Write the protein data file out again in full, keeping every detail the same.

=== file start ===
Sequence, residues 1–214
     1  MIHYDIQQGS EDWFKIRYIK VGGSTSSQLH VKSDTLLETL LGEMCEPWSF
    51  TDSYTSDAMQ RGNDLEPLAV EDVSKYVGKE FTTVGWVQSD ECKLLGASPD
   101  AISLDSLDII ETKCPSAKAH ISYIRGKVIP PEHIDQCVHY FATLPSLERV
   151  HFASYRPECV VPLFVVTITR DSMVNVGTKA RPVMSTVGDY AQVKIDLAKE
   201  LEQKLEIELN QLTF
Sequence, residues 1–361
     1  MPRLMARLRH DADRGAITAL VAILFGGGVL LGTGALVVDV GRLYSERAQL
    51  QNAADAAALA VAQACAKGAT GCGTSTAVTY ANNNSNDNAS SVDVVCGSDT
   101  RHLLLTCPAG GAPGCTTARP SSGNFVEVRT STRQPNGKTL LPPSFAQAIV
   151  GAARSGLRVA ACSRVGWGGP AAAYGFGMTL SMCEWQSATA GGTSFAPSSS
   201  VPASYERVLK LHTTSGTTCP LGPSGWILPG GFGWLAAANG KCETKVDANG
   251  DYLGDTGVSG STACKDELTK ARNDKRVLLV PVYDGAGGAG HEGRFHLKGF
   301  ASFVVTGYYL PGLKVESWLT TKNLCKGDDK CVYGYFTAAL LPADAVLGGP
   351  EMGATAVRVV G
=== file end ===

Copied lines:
Sequence, residues 1–214
     1  MIHYDIQQGS EDWFKIRYIK VGGSTSSQLH VKSDTLLETL LGEMCEPWSF
    51  TDSYTSDAMQ RGNDLEPLAV EDVSKYVGKE FTTVGWVQSD ECKLLGASPD
   101  AISLDSLDII ETKCPSAKAH ISYIRGKVIP PEHIDQCVHY FATLPSLERV
   151  HFASYRPECV VPLFVVTITR DSMVNVGTKA RPVMSTVGDY AQVKIDLAKE
   201  LEQKLEIELN QLTF
Sequence, residues 1–361
     1  MPRLMARLRH DADRGAITAL VAILFGGGVL LGTGALVVDV GRLYSERAQL
    51  QNAADAAALA VAQACAKGAT GCGTSTAVTY ANNNSNDNAS SVDVVCGSDT
   101  RHLLLTCPAG GAPGCTTARP SSGNFVEVRT STRQPNGKTL LPPSFAQAIV
   151  GAARSGLRVA ACSRVGWGGP AAAYGFGMTL SMCEWQSATA GGTSFAPSSS
   201  VPASYERVLK LHTTSGTTCP LGPSGWILPG GFGWLAAANG KCETKVDANG
   251  DYLGDTGVSG STACKDELTK ARNDKRVLLV PVYDGAGGAG HEGRFHLKGF
   301  ASFVVTGYYL PGLKVESWLT TKNLCKGDDK CVYGYFTAAL LPADAVLGGP
   351  EMGATAVRVV G